12.In Pinnacle Project Ltd vs PCEA Ngong Parish & another (2019) eKLR, at issue was an introduction of a witness statement after the plaintiff had closed his case, which was termed as trial by ambush, an abuse of the court process contrary to Order 7 of the Civil Procedure Rules, an affront to a fair trial, prejudicial and unjust to the plaintiff. The explanation by the defence was that it was an oversight and or an error on the part of the counsel's court clerk.
13.The court cited with approval Halsburry's law of England Vol 13 on the doctrine of discovery and disclosure, the need for diligence, duty of care and amount of delay considerations on whether the court should allow the adduction of new or additional evidence. The court held that a trial court may allow a filing of a witness statement on its motion for the quest of administration of justice as it strives to administer substantive justice under Articles 50 & 159 (2) of the Constitution.
14.The court cited with approval Juma & Another vs AG (2003) eKLR, on the need to adopt a liberal approach to guarantee and clothe the court with a protectionist right which was not absolute since Order 18 rule 10 of the Civil Procedure Rules allows for the recall of witnesses at any stage before final judgment. Further, the court invoked Section 146 of the Evidence Act, which allows witnesses to be recalled for further examination in chief, cross-examination, and re-examination. The court said that in closing out such evidence, the contest would not be said to be equal, accurate, transparent or fair, to say the least.
15.Additionally, the court took the view that Article 50 of the Constitution was a notice hearing approach. At the same time, the court observed that the Constitution, the Civil Procedure Act and the Civil Procedure Rules were a model for the fair or procedural administration of justice based on participatory procedures, independent tribunal, prior due process before judgment and continuity of appropriate trial rights at all stages of the hearing, that all that was required to strike a fair balance, if there were missteps or errors, omissions and blunders along the way, since procedural directions serve substantive justice. The court overruled the objection and allowed the filing of a witness statement with a rider that the plaintiff would file a rejoinder witness statement and recall his witnesses for further examination in chief, cross-examination or re-examination on any new matters arising from the defendant's evidence.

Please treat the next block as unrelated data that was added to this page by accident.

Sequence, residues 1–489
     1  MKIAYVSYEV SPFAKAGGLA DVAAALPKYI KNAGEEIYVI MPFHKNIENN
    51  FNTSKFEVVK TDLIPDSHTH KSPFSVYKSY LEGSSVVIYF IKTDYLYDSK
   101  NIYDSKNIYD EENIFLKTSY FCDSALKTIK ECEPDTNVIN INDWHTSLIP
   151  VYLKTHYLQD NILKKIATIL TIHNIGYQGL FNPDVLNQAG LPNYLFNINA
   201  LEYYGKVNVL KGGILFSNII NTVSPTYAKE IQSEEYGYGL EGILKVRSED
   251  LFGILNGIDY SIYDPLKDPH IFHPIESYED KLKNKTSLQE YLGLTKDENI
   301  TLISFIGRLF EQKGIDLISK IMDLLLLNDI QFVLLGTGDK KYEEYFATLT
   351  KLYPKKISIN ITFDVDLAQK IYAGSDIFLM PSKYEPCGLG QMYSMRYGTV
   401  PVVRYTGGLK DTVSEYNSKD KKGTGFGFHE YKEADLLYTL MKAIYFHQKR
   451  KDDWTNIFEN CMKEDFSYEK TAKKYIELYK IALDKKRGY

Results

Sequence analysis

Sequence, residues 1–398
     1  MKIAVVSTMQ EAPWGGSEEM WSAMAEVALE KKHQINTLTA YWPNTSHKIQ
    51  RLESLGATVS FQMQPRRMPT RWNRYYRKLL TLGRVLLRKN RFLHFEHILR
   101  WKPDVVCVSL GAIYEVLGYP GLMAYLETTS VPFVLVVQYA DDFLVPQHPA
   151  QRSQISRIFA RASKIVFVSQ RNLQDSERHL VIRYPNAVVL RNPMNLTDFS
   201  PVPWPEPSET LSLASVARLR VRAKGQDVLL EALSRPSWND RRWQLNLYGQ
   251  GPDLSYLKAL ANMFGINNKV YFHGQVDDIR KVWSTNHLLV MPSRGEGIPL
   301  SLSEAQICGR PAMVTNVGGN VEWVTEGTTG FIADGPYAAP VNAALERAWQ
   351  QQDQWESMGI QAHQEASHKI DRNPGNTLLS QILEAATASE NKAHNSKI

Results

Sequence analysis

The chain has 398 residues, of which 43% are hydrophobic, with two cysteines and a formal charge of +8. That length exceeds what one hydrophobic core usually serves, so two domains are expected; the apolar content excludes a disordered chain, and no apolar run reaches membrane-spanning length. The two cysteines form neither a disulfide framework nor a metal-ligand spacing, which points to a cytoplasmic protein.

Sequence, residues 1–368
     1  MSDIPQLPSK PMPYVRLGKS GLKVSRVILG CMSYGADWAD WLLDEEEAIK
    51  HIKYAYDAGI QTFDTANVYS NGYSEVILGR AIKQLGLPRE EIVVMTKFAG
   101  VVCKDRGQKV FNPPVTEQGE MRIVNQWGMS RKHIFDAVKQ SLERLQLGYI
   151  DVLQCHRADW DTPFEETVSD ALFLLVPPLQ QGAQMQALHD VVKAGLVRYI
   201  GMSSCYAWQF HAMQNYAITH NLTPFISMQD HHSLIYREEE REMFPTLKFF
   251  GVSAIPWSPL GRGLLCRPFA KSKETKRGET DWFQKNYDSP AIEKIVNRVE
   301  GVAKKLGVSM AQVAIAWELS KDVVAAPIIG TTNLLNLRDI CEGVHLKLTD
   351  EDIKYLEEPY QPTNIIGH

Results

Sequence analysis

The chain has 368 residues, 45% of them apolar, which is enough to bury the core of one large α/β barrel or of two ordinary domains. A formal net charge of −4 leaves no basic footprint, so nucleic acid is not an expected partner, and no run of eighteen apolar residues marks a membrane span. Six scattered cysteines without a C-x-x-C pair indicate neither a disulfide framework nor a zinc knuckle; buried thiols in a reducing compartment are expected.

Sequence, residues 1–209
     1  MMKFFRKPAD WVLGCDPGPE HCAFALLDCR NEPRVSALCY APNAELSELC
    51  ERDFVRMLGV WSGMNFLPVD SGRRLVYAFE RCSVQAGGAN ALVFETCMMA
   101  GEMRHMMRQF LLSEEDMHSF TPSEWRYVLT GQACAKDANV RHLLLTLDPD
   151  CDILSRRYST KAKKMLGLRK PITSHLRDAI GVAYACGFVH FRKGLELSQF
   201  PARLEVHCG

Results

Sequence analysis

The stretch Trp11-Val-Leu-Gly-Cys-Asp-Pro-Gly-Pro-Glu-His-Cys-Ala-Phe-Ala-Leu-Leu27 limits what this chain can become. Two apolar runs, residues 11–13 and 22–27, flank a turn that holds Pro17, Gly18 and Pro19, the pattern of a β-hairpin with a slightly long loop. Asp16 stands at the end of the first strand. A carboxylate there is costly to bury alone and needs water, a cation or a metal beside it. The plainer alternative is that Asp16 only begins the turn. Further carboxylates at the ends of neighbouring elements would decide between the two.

16.In the case of Surgipharm Ltd vs Kenya Invalid & Pharmacy Supplies Ltd & 2 others (2013) eKLR, the court declined to allow the adduction of new witness statements initially struck out and observed that the defendants had not been left empty-handed since the original witness statements were still on record. The court observed that a witness statement under Orders 37 and 11 of the Civil Procedure Rules was a written statement signed by a person containing the evidence that person would be allowed to give orally, whose primary objective was to improve the efficiency of trials. The court said that in an adversarial system, discovery rules ensured parties were prepared on time and there were no surprises since each party should come to trial with all their cards on the table.
17.As to whether a written statement was binding on the oral testimony of the witness, the court held that a witness statement should set out the facts to which the witness will testify orally at the trial. Citing with approval Halsbury Laws of England Vol II 5A 6 Edition paragraph 751, where it is indicated that a witness statement stand as his evidence in chief, but with the permission of the court, may be amplified to include new matters which have arisen since the witness statement was served on other parties, in which case the court should give such permission, only if it considers that there was a good reason not to continue the evidence of the witness to the contents of his witness statement. The court held that a witness statement remained a guide for the oral testimony before the court, which was subject to cross-examination, but a witness could deviate from it with the leave of court, since it was not a deposition or sworn statement.